Oh, and it’s absolutely FREE! 
It integrates well with other 3D apps like Cinema 4D, and you can even take your scenes from C4D and put them directly into Unreal to take advantage of its real-time rendering. A final bonus is that the entire Megascans library is totally free to use inside of Unreal Engine.  


And finally, one 3D software that isn’t for the faint of heart: Houdini. Houdini is an insanely powerful 3D App used in 3D animation and VFX
throughout the film, commercial, and video game industries...and is being used more and more for motion graphics work. It does have a reputation for a very steep learning curve; you won’t just pick up Houdini in a week. But as many Houdini enthusiasts will tell you, it’s worth the growing pains. 
It’s totally node-based and procedural, allowing for a crazy amount of control. Most of the amazing dynamic simulations you see online are probably done using Houdini, but it’s so much more than that. Particle sims, modeling, you name it—Houdini can do it. Plus, with its Houdini Engine, it allows for its assets to be imported and procedurally edited in Maya, 3DSMax, C4D, Unreal Engine, and Unity. Think After Effects MOGRTS. And they have an apprentice version that is free that you can learn on and use for non-commercial projects

Third Party Renderers

Now onto one of the most divisive topics...third party renderers!  At any given time of the day, someone is typing “what renderer did you use” under an Instagram video. Let me preface this section with the fact that most modern renderers are super good and, at the end of the day, it’s more about the talent of the artist. What I mean is...don't sweat this part too much.
OK, that being said, let’s talk about the big three: Arnold, Redshift, and Octane.


Arnold is the CPU/GPU-based unbiased renderer that has worked on Mac for longer than the other two, but also might be the slowest of all 3. Arnold does have an amazing toon renderer, and that CPU and Mac support means that it’s not GPU dependent like others, so it’s more accessible for a lot of artists.  


Now speaking of GPU-dependent and Mac support, Octane has been standing out in this area lately, expanding support to many Macs. Octane is an unbiased renderer that creates beautiful finished products; its hard to make a bad render using it. It’s got a massive community and I’d say it’s the most popular third party renderer out there. It’s also the renderer of choice for Beeple. 
The company behind Octane—OTOY—is a pioneer in the industry with a lot of interesting and ambitious projects, including RNDR, it’s decentralized cloud rendering platform. 
OTOY also has incredible tools in its product family such as EmberGEN—an insane real-time fire, volumetrics, smoke, and particle simulation tool—as well as Sculptron, it’s real time GPU mesh sculpting and animation toolset.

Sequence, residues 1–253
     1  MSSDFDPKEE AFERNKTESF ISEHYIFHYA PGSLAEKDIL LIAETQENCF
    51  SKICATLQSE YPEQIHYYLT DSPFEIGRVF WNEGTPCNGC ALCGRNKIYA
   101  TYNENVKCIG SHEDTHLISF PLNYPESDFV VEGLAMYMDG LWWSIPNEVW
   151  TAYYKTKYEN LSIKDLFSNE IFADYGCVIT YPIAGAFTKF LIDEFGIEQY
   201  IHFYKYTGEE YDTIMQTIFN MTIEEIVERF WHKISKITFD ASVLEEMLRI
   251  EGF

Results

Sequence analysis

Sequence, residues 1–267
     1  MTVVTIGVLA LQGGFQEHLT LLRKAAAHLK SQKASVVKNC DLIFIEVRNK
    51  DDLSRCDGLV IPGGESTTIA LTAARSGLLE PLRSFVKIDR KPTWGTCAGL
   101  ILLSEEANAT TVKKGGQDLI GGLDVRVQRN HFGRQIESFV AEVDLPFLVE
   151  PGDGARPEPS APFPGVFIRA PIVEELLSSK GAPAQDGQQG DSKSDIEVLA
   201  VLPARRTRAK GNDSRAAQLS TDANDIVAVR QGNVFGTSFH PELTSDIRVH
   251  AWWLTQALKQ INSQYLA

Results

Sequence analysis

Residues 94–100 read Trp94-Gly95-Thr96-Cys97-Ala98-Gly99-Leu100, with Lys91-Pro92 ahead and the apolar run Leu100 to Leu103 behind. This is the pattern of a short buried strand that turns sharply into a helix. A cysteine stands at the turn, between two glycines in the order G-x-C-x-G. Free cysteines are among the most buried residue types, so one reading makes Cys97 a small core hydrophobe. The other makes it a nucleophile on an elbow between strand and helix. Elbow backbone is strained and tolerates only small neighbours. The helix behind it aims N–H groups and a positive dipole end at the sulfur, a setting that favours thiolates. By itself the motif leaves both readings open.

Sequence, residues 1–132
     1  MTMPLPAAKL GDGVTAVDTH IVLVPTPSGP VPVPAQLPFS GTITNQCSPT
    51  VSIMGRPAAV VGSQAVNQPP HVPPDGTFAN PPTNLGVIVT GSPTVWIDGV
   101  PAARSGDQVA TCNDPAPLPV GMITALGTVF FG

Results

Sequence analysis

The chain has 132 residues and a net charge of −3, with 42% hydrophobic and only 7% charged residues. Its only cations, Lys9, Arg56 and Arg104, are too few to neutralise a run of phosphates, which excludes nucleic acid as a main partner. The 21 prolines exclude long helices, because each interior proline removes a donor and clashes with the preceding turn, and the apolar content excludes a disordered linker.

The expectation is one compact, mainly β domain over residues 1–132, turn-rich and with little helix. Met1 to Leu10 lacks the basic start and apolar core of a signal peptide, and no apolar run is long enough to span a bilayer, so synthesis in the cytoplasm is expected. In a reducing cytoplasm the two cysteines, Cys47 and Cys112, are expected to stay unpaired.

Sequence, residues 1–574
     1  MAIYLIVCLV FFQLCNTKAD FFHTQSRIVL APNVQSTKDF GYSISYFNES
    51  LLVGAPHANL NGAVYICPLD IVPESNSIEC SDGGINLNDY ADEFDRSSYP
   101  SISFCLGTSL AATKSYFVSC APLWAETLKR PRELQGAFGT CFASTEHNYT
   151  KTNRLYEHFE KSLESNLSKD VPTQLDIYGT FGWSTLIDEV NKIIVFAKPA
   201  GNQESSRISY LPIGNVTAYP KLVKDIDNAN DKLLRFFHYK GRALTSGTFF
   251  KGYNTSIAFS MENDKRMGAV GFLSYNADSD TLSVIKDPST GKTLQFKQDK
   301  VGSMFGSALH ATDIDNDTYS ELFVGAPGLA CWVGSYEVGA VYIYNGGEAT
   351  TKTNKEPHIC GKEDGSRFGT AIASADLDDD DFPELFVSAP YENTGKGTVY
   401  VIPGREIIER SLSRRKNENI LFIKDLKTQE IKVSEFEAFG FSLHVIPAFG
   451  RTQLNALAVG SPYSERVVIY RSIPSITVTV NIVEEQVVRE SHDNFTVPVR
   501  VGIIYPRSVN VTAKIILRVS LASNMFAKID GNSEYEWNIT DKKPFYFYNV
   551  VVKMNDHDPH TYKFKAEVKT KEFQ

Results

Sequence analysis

Finally, we have Redshift, a biased renderer. That means you can really dial in stylistic looks that break reality. For any C4D users, it’s also owned by the same company—MAXON—so you can expect really tight integration over time.
It’s super fast and has a totally node-based material system. Redshift’s strengths are how fast it renders volumetrics and its overall speed. This is because of its ability to dial in samples for literally any aspect of your scene. Unlike Octane, Redshift does take a bit more time to lock in beautiful renderers. If you’re good at lighting, it really doesn’t affect you all that much.

3D Post Production Programs

To finish up, let’s talk about post production. Most designers know that After Effects and Photoshop are the go-to programs for compositing, especially for Cinema 4D users, because of their tight integration. But more and more I am seeing Nuke used as the compositor of choice for many 3D artists. 


Nuke is a powerful node-based compositing and visual effects app that was first developed by Digital Domain. Its main strength is being a totally node-based workflow, making for much more streamlined and powerful compositing. Plus it has a full 3D workspace, allowing for the import of 3D geometry, and the combining of 2D and 3D elements. Nuke also has a really nice particle tool set. 
For 3D artists that love working in nodes, this is quickly becoming the compositing app of choice.

Get Started in 3D Design

There you have it, my list of the most popular 3D software. The 3D industry is always changing, and it’s an exciting time to be a creative with so many tools at our fingertips! If you want to jump into the pool and learn to swim, we've got a course that's just for you: Cinema 4D Basecamp!
Learn Cinema 4D from the ground up in this intro course from Maxon Certified Trainer, EJ Hassenfratz (that's me). This course will get you comfortable with the basics of modeling, lighting, animation, and many other important topics for 3D Motion Design. You’ll learn basic 3D principles and best practices, laying the foundation to tackle more advanced subjects in the future.